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28 January 2019

Is the future of Airbnb in Hungary boxed into a corner?

While few would have predicted it just a short while ago, Airbnb's rapid expansion in the Hungarian short-term rental market may soon come to a halt. The reasons include new legal developments and a changing investment environment.

Airbnb has come under fire from market participants, who claim that the accommodation-sharing site does not have to deal with the same regulations as its competitors, i.e. hotels. Some investors are disappointed with Airbnb, either because their property was damaged or simply because the company did not fulfil their expectations. But the loudest criticism comes from neighbours, condominiums and communities.

In response, some municipalities, especially those in the inner districts of Budapest, have adopted stringent regulation applicable to Airbnb. One of the most popular districts, the Eighth District, amended its local townscape regulation. Pursuant to the amendment, unless a local condominium's bylaws explicitly allow the registered use of a given unit to be changed from "residential" to "temporary accommodation", such a change is not permitted. This may present a significant obstacle for Airbnb hosts, as in the absence of explicit permission in the bylaws, they may not be able to start their Airbnb business.
More and more condominiums are amending their bylaws to make Airbnb activity subject to notification of the general meeting of the home owners in the condominium or even to completely prohibit it. While prohibition may seem harsh and unlawful, the recent case law of the Hungarian Supreme Court has confirmed its legality.

The Supreme Court found that a condominium may prohibit or restrict other uses of units to ensure uninterrupted residential use. However, the general meeting of home owners in a condominium, as a quasi-authority, may not impose sanctions or penalties for breach of the bylaws or a resolution of the general meeting. Therefore, a general meeting of home owners in a condominium is not entitled to impose a fine on an Airbnb host, if the host failed to follow a bylaw or a prohibition instituted by the general meeting. To enforce compliance with the prohibition or restriction, the condominium may sue an Airbnb host. This may lead to a lengthy legal procedure during which it may be difficult for the condominium to prove that a certain unit was used for Airbnb purposes. The actual enforcement of a final court judgment prohibiting Airbnb activity may also be difficult. A bailiff will have to carry out an on-site investigation to determine the discontinuation of Airbnb activity. If the bailiff finds that an Airbnb host continues its activity despite the final court judgment, he will draw up a report and submit it to the court. The court may impose fines of up to HUF 500,000 (approx. EUR 1,500) on infringers.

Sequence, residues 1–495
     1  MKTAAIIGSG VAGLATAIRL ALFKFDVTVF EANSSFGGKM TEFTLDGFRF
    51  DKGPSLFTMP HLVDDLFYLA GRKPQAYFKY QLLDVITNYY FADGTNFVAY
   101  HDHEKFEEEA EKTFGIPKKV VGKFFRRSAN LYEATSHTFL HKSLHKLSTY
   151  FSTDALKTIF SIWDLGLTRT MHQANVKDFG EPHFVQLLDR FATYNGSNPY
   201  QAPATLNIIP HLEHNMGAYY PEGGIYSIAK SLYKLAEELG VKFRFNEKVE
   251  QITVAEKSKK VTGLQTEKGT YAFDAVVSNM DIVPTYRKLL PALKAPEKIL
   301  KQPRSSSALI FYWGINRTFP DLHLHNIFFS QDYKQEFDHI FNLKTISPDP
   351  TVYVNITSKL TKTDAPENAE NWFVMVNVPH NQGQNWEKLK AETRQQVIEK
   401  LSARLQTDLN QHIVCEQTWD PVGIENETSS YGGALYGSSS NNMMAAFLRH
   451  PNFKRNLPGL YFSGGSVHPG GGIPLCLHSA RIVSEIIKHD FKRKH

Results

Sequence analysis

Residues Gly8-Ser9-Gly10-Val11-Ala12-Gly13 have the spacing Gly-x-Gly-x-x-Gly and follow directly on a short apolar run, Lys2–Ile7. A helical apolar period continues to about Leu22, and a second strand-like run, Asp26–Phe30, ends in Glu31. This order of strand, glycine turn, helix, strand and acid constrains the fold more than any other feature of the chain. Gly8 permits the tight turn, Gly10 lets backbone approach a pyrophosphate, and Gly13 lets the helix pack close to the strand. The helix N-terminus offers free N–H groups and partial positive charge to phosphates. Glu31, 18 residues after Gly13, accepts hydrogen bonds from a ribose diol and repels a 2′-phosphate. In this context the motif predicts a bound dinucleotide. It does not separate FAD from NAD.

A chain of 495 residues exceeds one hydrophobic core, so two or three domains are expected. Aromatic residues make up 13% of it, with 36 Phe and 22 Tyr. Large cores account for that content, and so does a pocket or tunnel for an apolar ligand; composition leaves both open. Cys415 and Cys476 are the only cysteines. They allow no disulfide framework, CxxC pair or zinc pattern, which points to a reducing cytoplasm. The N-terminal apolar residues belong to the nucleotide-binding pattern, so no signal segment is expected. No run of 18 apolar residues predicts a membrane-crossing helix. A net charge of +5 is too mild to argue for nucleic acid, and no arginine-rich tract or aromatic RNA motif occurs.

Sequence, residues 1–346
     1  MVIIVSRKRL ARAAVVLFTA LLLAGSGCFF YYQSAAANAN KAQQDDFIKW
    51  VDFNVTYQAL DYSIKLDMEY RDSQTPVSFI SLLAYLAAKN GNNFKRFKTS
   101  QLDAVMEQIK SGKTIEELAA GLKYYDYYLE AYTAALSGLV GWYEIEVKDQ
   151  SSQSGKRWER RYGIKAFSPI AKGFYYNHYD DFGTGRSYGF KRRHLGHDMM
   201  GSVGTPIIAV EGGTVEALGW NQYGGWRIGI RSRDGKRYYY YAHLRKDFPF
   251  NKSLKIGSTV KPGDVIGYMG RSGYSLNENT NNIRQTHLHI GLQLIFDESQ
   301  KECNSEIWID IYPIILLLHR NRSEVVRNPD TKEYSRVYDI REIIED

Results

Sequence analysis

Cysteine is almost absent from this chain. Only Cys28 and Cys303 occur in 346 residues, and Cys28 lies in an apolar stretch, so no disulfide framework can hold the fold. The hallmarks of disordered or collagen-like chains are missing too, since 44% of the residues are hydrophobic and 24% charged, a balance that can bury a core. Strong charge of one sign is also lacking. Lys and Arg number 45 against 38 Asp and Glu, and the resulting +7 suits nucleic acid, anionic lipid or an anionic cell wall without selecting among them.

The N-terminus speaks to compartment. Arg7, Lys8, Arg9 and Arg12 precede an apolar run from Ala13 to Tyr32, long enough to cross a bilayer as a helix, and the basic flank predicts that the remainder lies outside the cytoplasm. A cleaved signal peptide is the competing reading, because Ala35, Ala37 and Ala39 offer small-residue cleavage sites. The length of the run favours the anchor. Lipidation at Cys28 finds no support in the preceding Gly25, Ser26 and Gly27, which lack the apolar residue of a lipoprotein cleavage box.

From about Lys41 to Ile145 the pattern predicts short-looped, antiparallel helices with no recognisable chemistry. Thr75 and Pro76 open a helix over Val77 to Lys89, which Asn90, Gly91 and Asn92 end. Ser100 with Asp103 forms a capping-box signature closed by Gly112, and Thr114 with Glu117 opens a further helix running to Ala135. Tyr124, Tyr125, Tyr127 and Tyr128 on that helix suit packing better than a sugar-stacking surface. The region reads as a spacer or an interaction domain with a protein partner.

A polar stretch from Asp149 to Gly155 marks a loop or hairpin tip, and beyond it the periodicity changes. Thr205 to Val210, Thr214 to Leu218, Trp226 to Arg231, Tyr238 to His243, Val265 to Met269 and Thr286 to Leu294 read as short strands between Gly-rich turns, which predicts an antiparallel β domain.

A resolution of a condominium's general meeting does not have retroactive effect according to the respective case law of the Hungarian Supreme Court. Therefore, a host who started leasing his apartment through Airbnb before the adoption of a prohibition resolution may not be restricted or prohibited from continuing such services.
In light of the foregoing, a highly effective restriction on Airbnb or similar activity is not available to condominiums. However, a condominium can raise substantive impediments to investors, which alongside other regulatory requirements, may make this type of investment less attractive.


This article was up to date as at the date of going to publishing on 10 December 2018.


Attorney at Law